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Ghostbusters: Part 2

Just got back! I'll try to avoid spoilers. Short version: Loved it! My face hurts from laughing so hard, and I'm sure I missed quite a bit of dialogue for the same reason, so I'm down for seeing it again. Only next time, I'll spring for 3D. There aren't many movies that make me want to spring for 3D. This is one of them.



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Ghostbusters: Part 1

So I'm going to see Ghostbusters this weekend. And honestly? While I was somewhere between "Meh" and "Please don't suck" when I first heard of this reboot, the more I hear about it, the more excited I get. I hope I'm not getting my hopes up too much. There are way too many people out there who made up their minds as to whether an all-female Ghostbusters reboot even warranted existing before a single promotional photo hit the 'net. I'm glad my little blog here isn't widespread enough to garner attention beyond the people whose tastes are somewhat similar to mine anyway. Because that's kinda why I write these things: to share my opinion on the thing, and give you an idea of whether it's worth your time as well.

In order to do that, I'm doing a mini-retrospective on the 1984 movie, and then coming back with a review of the new one on Sunday.


"Aim for the flat-top!"


This is what happens when you cross the streams.Collapse )

Cross-posted on rhoda_rants.

YA Adaptations: Vampire Academy

As anyone who's known me for a reasonable period of time knows: If there are vampires in it, I have seen it. If I haven't seen it, I at least know it exists, and it is on my list. So it was only a matter of time before Richelle Mead's Vampire Academy came into my life. I've only read the first two so far, but I love them.


Book Cover via Goodreads


As the title suggests, we're in a boarding school for vampires. Not just any vampires, but an elite group of teens separated into the Moroi (full-blooded vamps with magical powers associated with different elements), and the Dhampir (half-human vamps with supernatural strength who act as bodyguards). There's a third group, called Strigoi, who are evil blood-thirsty monsters who no longer resemble the people they once were--basically your more traditional vampires.

In the first book, the main character, Rose Hathaway (Zoey Deutsch) and her best friend Lissa Dragomir (Lucy Fry) have run away from the school. They're tracked down after about a year, but in the meantime a few changes have taken place: Lissa is no longer the popular Queen Bee type at the school, despite being next in line for the throne. A new Dhampir training specialist, Dimitri, has been assigned to whip Rose into shape and keep an eye on her, in case she gets any ideas about running away again. Also, dead animals have begun to turn up at the school--usually just in time for Lissa to find and mysteriously heal them.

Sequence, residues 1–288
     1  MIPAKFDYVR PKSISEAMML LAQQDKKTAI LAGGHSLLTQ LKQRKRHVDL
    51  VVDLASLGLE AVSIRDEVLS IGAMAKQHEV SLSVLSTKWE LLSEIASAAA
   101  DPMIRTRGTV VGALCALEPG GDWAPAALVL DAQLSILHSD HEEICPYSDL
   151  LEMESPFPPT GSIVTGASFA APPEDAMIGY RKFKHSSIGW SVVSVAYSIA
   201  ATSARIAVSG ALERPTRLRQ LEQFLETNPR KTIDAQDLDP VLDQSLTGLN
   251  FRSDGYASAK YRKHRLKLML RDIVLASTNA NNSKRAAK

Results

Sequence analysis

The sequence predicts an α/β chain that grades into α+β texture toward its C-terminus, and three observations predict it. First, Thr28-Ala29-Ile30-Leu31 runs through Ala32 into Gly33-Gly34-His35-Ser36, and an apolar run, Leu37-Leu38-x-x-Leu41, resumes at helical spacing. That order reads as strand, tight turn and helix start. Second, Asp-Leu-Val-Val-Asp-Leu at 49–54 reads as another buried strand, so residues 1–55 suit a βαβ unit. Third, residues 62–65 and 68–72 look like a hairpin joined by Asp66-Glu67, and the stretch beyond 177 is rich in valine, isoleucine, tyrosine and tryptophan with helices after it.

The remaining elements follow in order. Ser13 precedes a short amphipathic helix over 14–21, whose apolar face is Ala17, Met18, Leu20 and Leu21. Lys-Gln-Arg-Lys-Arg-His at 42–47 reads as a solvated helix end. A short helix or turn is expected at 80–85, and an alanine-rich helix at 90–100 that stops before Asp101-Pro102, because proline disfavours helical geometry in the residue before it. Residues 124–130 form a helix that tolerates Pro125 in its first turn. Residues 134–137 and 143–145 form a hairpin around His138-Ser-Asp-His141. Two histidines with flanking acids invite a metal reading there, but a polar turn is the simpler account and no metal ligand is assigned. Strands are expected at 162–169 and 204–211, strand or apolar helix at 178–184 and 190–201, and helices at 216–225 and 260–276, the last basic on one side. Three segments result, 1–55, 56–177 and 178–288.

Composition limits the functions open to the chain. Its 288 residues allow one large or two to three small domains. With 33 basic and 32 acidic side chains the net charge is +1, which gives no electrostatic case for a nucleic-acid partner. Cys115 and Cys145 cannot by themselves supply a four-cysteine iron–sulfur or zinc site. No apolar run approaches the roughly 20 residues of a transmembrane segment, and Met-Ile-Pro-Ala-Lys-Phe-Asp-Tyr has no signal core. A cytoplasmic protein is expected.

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Let's see if I can do this without spoilers.

SHORT VERSION: Good times! Fight scenes! Character development! Lots of characters--like, LOTS! Man, this franchise is getting crowded. Didn't feel as overstuffed as it could have though. Everyone has their role, and that's good. Oh, and for the record, I'm Team Captain America. Seeing the movie didn't change that.



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Review: The Huntsman: Winter's War (2016)

Just got back! Trailer!



First things first: This is not a prequel. I thought it was a prequel. It starts prior to Snow White and the Huntsman, when Chris Hemsworth's character (who now has a name--it's Eric!) first gets taken by Queen Freya (Emily Blunt's Ice Queen is called Freya) to train in her army. But then it skips forward like 7 years and it's after Queen Ravenna (Charlize Theron's Evil Queen from the first movie) has been defeated by Snow White (Kristen Stewart was not invited back), and supposedly everything is okay now. Until it isn't.

Really it's an expansion of the first movie, an opportunity to explore Eric's relationship with his first love, Sara (Jessica Chastain's definitely-not-inspired-by-Katniss ace archer), and how that all went down before Ravenna's minions picked him up in a tavern all depressed and mopey. It brings in new characters like Freya and Sara who are both a joy to watch, and whose characters arcs are more similar than they realize. The story is a basic quest adventure, with the quest object (the mirror) being the Sealed Evil In a Can variety, and I did enjoy seeing it come into play in the end. But I didn't love it as much as I wanted to. I have two main talking points here. Just two.